Sentencing and surveillance
Hanne Marthe Narud, a political scientist at the University of Oslo, said Norway's parliament was likely to stand against immediate public calls for harsher sentencing and more surveillance.
"A lot of these attitudes we see now are reflections of the terror event," she told Reuters, referring to the VG poll.
"I don't think the politicians will change legislation on this point as a spontaneous reaction. It may be considered, but there will be a broad debate first."
She said Norway was unlikely to see tougher security laws along the lines of the U.S. Patriot Act, which the U.S. Congress passed after the September 11, 2001, attacks.
"In 2001 it was as though someone had declared war against the United States, which al Qaeda and other groups had actually done," she said.
"This by contrast appears to be the act of one person who is sick or has his mind in a bubble. You can't really do legislation based on events like we have had in Norway."
She said public opinion has long favoured stricter punishment for violent crimes while parliament has resisted cracking down.
The country's politicians agreed on Monday that campaigning ahead of municipal elections due on September 12 should start on August 13.
Per Sandberg, chairman of the parliament's Justice Committee, said stiffer sentencing would be on the agenda when party leaders resumed debate later this month.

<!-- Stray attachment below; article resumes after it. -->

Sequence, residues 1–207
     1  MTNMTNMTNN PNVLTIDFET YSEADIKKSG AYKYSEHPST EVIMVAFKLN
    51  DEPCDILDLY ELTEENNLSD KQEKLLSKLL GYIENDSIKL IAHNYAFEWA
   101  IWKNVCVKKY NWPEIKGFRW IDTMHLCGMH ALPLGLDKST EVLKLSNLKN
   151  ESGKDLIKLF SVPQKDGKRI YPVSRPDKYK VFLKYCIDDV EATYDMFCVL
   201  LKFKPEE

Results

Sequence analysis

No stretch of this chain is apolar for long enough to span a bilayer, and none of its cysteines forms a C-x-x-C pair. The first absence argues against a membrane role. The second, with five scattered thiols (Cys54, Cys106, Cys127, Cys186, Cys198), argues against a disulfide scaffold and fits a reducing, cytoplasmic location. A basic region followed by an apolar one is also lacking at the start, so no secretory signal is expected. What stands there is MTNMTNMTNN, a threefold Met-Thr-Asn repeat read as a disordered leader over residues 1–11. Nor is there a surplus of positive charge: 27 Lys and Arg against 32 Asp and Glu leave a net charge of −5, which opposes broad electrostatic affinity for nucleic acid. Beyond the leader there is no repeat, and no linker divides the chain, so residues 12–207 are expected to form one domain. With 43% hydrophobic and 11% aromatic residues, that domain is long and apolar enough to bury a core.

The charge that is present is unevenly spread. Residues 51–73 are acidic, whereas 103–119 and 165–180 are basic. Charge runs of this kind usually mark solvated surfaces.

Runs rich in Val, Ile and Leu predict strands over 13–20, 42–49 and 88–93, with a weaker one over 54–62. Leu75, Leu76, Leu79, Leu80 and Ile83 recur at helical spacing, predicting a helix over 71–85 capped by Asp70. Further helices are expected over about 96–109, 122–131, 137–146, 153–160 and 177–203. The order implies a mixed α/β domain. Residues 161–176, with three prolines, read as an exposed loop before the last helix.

"I am sure ... the political discussion will be about sentences, searches by the police and everything else around this case," Sandberg told Reuters.
"My party has always wanted that. I believe there will be new measures."
Sandberg's right-wing Progress Party is an anti-immigration, anti-tax party that favours stricter prison terms for violent crimes.
In an "expression of solidarity", Turkey's foreign minister and a deputy prime minister attended the funeral of Gizem Dogan, a 17-year-old Turkish-born girl who lived in Norway for a decade before dying in Breivik's rampage.
The ceremony in Trondheim in central Norway was held in a soccer field to accommodate a crowd estimated at several thousand mourners.
"With its spirit of multiculturalism Norway is the best example for the future of humanity," Turkish Foreign Minister Ahmet Davutoglu said in a news conference in Oslo later in the day.
"I call on all Muslims in Norway from tomorrow to give one flower to their Norwegian neighbours showing that this is not an issue of religion or ethnicity but of being human."